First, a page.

When he runs short of money, a newspaper reporter pawns a police revolver he was given after he helped the police solve a case. Later on the gun is used in a murder, and the reporter is suspected of committing the crime.
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Larry Doyle, a reporter fond of hard-and-much drinking, insults his city editor on one of his drunken sprees. When he alter awakens, he finds he is on a train bound for St. Louis, and has one dollar and a revolver in his pocket. He also finds he is involved in some kind of crime plot, and a whirlwind romance with a cutie named Anne Olgivie. He sets out to resolve both issues. Written by
Les Adams <email@example.com>
When Doyle and Anne are walking along the street toward the hotel, the newspaper sticking out of Doyle's coat pocket shows the headline "Weather." A moment later in the hotel it's showing the masthead, "Daily News," and Doyle hasn't had the paper out of his pocket. See more »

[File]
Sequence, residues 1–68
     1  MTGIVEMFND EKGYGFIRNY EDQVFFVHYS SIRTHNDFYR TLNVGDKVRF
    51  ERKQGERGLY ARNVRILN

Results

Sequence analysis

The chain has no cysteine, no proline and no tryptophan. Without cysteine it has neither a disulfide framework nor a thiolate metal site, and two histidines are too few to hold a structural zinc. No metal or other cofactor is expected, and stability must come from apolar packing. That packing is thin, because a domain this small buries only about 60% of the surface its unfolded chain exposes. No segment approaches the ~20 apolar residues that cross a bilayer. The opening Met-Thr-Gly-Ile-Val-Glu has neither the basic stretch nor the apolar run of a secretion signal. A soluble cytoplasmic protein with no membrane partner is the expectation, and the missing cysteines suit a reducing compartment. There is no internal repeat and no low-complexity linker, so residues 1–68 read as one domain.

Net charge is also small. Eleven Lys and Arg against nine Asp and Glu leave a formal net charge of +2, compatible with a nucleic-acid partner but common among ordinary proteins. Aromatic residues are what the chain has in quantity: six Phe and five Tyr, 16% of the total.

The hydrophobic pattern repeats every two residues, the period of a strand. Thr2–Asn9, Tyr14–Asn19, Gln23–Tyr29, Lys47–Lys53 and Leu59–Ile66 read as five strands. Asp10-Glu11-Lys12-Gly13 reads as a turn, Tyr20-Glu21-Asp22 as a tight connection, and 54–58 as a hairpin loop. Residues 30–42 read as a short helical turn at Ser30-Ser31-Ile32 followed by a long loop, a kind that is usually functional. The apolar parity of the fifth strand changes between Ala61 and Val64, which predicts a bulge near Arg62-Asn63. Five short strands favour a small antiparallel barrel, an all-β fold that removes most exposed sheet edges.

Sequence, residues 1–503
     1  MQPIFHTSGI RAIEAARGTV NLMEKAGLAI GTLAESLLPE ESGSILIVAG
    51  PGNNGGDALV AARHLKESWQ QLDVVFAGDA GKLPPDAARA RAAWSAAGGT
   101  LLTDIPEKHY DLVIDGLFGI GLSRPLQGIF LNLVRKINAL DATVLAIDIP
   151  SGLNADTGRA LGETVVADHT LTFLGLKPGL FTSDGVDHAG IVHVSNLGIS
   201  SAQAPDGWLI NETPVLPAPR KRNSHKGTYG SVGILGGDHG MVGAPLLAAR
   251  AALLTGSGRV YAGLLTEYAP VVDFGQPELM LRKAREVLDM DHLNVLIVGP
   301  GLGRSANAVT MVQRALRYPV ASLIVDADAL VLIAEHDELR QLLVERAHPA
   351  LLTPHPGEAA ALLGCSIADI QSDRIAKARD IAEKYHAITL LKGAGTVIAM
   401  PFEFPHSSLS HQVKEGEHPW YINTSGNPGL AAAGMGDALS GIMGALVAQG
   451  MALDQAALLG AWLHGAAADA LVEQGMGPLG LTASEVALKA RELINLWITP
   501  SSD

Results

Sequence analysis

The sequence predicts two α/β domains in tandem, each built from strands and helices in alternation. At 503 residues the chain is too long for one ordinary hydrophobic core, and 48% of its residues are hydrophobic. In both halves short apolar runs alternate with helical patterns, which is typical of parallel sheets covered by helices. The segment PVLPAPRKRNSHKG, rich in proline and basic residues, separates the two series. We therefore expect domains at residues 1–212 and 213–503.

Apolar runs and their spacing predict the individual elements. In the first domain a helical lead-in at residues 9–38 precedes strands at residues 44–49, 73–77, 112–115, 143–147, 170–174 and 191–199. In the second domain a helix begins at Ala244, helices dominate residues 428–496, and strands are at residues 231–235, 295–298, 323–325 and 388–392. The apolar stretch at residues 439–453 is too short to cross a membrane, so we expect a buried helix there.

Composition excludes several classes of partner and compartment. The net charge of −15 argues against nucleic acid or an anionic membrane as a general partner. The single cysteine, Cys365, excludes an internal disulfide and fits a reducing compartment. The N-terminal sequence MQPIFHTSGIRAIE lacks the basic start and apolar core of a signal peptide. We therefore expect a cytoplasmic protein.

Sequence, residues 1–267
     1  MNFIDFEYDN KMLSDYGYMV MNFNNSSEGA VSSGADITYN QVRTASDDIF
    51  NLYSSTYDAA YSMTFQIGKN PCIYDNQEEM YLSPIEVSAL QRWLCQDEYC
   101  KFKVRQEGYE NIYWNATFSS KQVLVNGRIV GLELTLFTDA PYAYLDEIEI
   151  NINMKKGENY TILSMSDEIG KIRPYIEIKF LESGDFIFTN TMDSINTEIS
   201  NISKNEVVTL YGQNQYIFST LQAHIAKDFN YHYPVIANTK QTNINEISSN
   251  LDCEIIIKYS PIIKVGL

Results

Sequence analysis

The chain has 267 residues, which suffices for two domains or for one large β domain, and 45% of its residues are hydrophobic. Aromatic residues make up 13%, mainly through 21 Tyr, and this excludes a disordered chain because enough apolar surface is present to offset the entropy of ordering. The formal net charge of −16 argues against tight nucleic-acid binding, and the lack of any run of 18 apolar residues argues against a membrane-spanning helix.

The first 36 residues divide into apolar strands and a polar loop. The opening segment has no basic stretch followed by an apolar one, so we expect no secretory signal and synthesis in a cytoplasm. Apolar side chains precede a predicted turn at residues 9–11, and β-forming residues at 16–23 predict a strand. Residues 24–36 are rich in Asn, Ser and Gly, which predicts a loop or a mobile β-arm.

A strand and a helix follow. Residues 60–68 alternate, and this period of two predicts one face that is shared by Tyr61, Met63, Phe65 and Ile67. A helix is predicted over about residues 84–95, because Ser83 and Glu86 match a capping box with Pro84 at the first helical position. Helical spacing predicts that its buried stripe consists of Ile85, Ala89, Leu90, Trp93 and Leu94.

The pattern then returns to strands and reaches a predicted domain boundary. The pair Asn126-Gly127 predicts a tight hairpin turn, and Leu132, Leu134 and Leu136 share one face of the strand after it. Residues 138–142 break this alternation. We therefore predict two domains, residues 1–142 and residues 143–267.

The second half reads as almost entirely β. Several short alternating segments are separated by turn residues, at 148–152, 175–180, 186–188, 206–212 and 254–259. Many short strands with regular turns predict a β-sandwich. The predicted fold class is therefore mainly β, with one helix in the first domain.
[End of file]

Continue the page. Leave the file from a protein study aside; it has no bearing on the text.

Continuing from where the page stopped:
Decent mystery from Monogram has Robert Armstrong playing newspaper reporter Larry Doyle who after a big story gets a revolver as a gift. Later in the picture he's in need of money so he pawns the gun and is later arrested for a murder that was done using the same gun. Now Doyle must prove that he actually pawned the gun and that the killer known as The Eel was the real murderer. THE MYSTERY MAN is a fairly entertaining movie, although the story I've just given really doesn't tell everything. This thing clocks in at just 61-minutes and the murder doesn't take place until around the 37-minute mark, which should tell you a couple things. For starters, there's a lot of early filler in the film that probably could have been left and and in all honesty it probably should have been left out. The only problem then is that you wouldn't be left with a movie. The second problem is that the solving of the case happens in the final twenty minutes and in many ways this was simply way too fast for the crime to be solved. With that said, fans of Armstrong as well as the genre should find the material good enough to keep you entertained through the short running time. As you'd expect, Armstrong has no problems playing the smart aleck reporter who is constantly rubbing people the wrong way until he's finally the one being pushed around. Maxine Doyle is also very good as the woman who ends up helping the reporter on his mission. The two stars have some nice chemistry together and their work certainly helps keep the film moving. The biggest problem with the picture is that there's a bit too much comedy and sadly the majority of it never works. Still, the majority of the people remains entertaining as long as you're not expecting THE MALTESE FALCOLN or some sort of classic.
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